Ratelle: “We like our live sound to be just as big, if not bigger, than the record and the set up we have currently definitely does the trick. We recorded the record mostly with the FMT and a Marshall JCM 800. Live I use a Peavey 6505+ with a Walrus Audio Voyager Overdrive, and Dan uses an EVH iii with a Seymour Duncan 805 Overdrive. For the clean parts, we used a lot of the Walrus Audio Dispatch Master on the record, which we use live along with our Electro Harmonix Holy Grail. Our bassist Hawke uses a Sansamp live to get the same hard-hitting crunchy tone as the record.”
Check out some exclusive live shots by Dylan Levernoch of Jake Rattelle, and pics of his Telecaster:
What are the major pros and cons?
Ratelle: “Pros are easy. It’s lightweight, incredibly durable, and it sounds great for every kind of style I play. I genuinely have no cons for this guitar. In the price range, it’s in, it’s really hard to try and find a guitar for me that can do what I need better.”
Do you have a backup for this gear, if so, what?
Ratelle: “This month I should be getting the exact same guitar for a backup. I have a Mexican Tele as my backup now, but this thing is so good I want another just in case anything happens to my main when we’re on the road.”
How long have you had it, how do you use it, would you ever change it?
Ratelle: “I’ve had it for almost a year and a half now. With the point we’re at I have no intention of changing it any time soon. It feels, plays, and sounds perfect for me.”
Give us your best “gear goes wrong” story.
Ratelle: “Not mine luckily, but our bassist bought an Ampeg SVT Classic before a tour this past summer. On the last day it just kind caught on fire when we were setting up. He’s usually our optimist on tour but he was clearly gutted.”
Would you like some flowers with that EP? Check out the artwork for the band’s new EP Barely You:
How did you come about this piece of gear? (Steal it? Borrow it? Get it from a special shop?) And what made you pick it up?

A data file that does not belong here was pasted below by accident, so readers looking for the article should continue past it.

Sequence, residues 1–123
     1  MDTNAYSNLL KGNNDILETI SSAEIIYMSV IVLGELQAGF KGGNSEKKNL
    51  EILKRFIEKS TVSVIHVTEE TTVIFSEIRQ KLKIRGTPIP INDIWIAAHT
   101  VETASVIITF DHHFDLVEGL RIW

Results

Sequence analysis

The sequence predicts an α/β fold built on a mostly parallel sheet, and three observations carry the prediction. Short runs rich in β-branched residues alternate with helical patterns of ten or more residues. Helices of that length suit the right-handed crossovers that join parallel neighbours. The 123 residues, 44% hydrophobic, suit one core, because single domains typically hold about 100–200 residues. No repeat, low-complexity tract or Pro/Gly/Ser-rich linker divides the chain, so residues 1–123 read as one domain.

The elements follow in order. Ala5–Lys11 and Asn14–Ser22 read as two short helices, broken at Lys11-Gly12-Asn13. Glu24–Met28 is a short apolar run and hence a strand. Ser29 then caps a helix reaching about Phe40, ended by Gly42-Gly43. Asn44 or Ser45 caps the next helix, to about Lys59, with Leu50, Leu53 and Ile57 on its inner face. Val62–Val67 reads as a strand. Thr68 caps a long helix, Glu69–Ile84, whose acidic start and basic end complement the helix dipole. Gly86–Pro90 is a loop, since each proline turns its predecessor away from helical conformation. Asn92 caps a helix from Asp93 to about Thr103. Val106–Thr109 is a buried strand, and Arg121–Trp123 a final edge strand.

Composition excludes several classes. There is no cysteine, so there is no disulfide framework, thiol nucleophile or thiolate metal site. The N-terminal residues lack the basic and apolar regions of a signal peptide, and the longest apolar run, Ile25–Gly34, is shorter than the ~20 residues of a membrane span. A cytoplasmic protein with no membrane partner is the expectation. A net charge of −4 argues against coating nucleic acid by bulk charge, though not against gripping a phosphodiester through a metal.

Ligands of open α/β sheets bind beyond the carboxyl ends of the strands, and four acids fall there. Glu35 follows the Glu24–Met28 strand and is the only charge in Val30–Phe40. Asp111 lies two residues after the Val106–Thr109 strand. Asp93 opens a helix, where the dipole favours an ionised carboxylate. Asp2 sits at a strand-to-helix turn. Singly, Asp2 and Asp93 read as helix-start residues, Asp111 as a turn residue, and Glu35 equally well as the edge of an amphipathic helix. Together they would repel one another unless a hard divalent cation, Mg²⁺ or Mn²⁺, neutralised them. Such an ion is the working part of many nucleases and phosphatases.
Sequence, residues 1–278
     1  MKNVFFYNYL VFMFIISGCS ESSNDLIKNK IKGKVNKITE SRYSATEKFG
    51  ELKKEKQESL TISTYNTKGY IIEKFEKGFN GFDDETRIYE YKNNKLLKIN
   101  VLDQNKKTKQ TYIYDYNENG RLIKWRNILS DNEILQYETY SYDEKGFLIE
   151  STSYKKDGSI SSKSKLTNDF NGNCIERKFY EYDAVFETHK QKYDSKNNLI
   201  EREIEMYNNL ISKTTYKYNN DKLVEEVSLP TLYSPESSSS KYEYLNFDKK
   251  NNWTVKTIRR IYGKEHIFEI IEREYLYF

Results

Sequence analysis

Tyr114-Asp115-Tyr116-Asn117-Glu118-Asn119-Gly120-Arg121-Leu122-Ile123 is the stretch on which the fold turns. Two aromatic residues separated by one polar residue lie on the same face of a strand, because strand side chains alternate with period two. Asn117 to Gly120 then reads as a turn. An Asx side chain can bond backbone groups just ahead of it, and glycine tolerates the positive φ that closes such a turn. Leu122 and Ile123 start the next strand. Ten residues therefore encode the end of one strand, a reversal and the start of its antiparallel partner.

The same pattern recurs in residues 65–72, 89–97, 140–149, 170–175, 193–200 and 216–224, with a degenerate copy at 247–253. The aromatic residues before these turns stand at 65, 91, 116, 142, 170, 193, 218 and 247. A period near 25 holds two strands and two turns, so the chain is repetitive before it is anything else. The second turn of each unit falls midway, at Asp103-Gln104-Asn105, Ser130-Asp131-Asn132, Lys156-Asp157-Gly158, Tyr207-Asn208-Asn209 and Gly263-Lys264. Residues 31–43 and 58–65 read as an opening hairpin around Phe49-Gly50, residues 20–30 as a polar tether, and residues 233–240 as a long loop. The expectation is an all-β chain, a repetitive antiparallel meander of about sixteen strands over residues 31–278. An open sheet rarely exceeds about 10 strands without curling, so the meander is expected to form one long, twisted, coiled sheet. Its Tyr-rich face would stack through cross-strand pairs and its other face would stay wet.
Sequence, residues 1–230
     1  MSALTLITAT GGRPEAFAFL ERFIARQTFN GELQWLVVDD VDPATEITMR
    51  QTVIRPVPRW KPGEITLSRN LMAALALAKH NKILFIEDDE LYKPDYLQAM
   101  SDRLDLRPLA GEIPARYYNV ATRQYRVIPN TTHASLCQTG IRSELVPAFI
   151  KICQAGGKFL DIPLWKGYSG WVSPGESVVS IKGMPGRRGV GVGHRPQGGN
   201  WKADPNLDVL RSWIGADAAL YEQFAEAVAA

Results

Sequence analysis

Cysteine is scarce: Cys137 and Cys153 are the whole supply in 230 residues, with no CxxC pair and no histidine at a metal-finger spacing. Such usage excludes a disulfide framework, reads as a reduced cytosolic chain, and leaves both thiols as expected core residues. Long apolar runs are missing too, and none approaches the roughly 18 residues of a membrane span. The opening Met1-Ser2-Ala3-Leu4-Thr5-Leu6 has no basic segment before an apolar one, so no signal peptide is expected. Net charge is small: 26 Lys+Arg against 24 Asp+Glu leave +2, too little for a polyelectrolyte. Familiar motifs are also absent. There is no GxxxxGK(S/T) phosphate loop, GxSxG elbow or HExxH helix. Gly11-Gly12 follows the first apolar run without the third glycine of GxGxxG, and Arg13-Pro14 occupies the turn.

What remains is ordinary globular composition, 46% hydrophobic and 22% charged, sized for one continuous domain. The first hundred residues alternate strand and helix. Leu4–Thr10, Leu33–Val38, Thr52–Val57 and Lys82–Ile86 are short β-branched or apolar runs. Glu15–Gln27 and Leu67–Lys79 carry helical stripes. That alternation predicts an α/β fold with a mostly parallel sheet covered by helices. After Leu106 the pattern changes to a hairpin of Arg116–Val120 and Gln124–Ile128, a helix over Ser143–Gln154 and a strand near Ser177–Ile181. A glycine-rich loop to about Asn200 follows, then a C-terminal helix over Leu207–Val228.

Ratelle: “A friend of mine had one and his tone was always so good live. When I decided to buy it I didn’t think of it as a long term solution, but as a gamble on Reverb. I had a little money to spend and found this one for a good deal, so I went for it.”
How easy is it for you to tweak the device and get the tone/sounds you need?
Ratelle: “I do a little routine maintenance on it to make sure it’s looking and sounding up to par, but besides that it comes stock sounding great. The Seymour Duncan ’59 and Pearly Gates that come in it sound great, so I have yet to even upgrade anything since I got it.”
Are they any major cons to the guitar and how does it fair during regular touring and gigging?
Ratelle: “This guitar is great for the road. I hammer on my guitar live, and it was always an issue before I picked this up. This can be used consistently with no worries, and has held up well with all the travel it has endured thus far.”
Any final thoughts or comments on the gear?
Ratelle: “If you’re in a band that plays out fairly frequently and you need a tremendous sounding guitar that’s also a workhorse, give this a shot. I really can’t recommend it enough to anyone looking for a solid guitar.”
From more of their acoustic past, check out the music video for the debut single “Nobody:”